Take this desert out of the freezer half an hour before you expect to eat it and don’t forget to return it to the freezer when you’re done. If it’s for snacks rather than dinner, freeze in single portion sizes
  • Crust ingredients:
  • 1 1/2 cups cashew nuts
  • 1/2 cup pitted dates
  • 1/4 cup dried, unsweetened coconut
  • 1 pinch sea salt
  • White cheesecake filling ingredients:
  • 3 cups cashews
  • 3/4 cup lemon juice
  • 3/4 cup agave or honey
  • 3/4 cup coconut oil
  • 1 tablespoon vanilla
  • Up to a 1/4 cup of water, as needed for blending
  • Fruit topping ingredients:
  • 2 cups frozen strawberries
  • 1/2 cup dates
  1. Sprinkle coconut into a large glass dish to serve as a base for your cheesecake.
  2. In your food processor, place 1.5 cups of cashews, salt and dates, and blend to a crumbed consistency.
  3. Pour into dish on top of coconut and press down to form a good, firm base.
  4. Next, blend together the ‘cheesecake filling, adding as little water as possible and as required to make your blender work. In the Thermomix you shouldn’t need to add much water at all. This needs to be smooth and creamy in consistency.
  5. Spread the mixture on top of the base.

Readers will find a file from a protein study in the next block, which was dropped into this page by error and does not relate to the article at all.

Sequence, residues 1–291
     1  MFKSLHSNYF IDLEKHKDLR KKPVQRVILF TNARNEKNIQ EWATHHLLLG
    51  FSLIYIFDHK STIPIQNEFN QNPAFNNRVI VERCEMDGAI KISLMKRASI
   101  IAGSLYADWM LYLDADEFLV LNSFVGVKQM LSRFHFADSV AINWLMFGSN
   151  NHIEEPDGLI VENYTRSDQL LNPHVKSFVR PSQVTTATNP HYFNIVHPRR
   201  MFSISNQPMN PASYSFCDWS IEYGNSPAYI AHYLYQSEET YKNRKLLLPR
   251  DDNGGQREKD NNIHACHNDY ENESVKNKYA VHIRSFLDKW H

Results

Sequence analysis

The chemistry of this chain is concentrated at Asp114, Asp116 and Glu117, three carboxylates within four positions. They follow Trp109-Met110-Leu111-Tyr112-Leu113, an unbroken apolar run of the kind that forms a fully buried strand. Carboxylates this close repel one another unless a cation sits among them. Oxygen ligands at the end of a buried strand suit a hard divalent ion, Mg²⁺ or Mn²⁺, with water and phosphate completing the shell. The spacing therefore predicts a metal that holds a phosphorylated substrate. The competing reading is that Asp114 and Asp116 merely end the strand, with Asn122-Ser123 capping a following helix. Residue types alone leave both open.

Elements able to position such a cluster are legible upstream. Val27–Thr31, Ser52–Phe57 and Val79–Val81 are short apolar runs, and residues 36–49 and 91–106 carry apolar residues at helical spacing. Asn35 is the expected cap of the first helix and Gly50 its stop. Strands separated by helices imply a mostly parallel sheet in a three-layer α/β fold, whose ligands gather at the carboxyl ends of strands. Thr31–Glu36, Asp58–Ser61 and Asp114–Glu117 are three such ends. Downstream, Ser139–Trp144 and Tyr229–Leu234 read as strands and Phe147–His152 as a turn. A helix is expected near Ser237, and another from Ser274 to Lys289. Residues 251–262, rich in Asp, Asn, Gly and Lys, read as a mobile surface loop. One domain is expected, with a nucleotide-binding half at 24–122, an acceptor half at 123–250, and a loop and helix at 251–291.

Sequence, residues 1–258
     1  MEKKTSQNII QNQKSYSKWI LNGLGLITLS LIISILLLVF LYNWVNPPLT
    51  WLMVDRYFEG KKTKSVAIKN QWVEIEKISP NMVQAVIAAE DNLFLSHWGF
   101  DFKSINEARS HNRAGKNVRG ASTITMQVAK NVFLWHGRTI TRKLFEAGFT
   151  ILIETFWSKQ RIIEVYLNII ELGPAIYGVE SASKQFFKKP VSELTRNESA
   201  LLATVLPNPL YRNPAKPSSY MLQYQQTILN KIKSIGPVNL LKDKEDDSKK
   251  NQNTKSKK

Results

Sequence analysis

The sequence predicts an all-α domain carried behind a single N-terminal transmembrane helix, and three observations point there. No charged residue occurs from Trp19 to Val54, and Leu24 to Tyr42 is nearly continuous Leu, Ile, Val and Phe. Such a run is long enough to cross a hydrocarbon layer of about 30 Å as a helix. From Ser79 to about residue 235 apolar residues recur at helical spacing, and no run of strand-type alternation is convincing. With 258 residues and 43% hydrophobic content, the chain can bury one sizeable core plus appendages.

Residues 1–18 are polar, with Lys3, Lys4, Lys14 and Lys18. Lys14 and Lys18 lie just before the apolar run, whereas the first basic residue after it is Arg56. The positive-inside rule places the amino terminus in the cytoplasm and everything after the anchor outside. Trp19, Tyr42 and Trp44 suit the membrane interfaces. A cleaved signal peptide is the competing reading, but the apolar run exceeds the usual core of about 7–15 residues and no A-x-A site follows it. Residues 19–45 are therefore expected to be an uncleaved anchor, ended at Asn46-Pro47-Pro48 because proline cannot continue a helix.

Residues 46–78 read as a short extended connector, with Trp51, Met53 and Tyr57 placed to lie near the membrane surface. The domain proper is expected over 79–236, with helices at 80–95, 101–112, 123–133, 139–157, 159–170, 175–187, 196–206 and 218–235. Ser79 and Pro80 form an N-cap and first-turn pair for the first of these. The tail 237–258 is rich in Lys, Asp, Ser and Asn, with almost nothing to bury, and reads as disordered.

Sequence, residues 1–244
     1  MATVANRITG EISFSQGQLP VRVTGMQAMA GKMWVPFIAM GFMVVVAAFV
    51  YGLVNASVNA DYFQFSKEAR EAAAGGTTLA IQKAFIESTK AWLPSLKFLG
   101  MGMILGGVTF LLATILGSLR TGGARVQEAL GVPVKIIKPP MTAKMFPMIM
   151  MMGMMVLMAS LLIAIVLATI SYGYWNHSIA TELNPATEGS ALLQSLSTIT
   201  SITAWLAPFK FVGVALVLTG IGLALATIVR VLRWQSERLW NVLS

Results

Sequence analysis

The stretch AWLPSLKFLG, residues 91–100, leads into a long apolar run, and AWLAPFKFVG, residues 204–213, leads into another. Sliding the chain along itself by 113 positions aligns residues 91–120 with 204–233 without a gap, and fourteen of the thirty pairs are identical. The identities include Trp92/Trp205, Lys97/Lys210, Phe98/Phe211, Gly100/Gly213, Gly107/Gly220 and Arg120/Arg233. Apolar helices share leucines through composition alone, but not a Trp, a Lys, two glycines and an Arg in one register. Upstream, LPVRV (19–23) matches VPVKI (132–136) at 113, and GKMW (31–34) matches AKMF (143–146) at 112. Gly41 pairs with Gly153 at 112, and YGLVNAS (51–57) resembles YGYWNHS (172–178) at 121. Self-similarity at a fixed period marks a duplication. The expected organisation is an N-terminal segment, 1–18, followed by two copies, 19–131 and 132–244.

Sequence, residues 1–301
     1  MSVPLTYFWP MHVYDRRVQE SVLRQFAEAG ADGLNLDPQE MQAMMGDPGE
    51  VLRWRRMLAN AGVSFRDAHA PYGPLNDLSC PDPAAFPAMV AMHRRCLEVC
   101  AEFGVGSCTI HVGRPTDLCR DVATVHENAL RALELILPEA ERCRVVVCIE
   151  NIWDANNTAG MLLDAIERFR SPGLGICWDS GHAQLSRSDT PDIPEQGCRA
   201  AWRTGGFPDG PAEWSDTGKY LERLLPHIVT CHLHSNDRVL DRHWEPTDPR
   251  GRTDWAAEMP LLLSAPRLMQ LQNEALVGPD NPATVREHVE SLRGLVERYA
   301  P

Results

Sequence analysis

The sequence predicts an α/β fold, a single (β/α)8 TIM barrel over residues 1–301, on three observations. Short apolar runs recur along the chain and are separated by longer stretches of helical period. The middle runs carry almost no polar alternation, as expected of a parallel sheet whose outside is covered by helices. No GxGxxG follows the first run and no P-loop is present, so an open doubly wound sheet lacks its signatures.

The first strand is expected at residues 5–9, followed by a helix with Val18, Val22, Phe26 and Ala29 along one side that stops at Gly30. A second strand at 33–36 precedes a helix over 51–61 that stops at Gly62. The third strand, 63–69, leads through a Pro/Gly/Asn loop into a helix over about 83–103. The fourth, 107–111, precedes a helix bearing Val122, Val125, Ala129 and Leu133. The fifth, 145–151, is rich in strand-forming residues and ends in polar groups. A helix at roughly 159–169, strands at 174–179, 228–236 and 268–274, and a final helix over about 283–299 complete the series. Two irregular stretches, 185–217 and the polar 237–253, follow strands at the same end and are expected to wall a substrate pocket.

6. Freeze for about an hour to allow it to firm up.
  7. When you’re ready for the last step, blend the berries and dates until they are nice and smooth. Pour this mixture on top and freeze again for another few hours at least.
  8. Take out of freezer about half an hour before eating, so that it’s still firm, but edible.
Serving size: 1/18th Calories: 349.0 Fat: 24.9 g Carbohydrates: 31.6 g Sugar: 18.7 g Sodium: 65.7 mg Fiber: 2.2 g Protein: 5.4 g Cholesterol: 0.0 mg


Please take a moment to visit the blogs of our other Festival of Food participants. The links in this list will be live by the end of the day, as participants are all in different time zones.

  • Gone are the days where dairy-free, gluten-free deserts mean a fruit platter! This “raw” cheesecake from Luschka at Diary of a First Child is a wonderful introduction to raw food, and is pretty simple to make too! You can also find Luschka on Facebook.
  • Jennifer at Hybrid Rasta Mama shares Tropical Twist Kale Chips, a recipe guaranteed to take your taste buds to the tropics! Kid love these tangy treats too!  You can also find Jennifer on Facebook.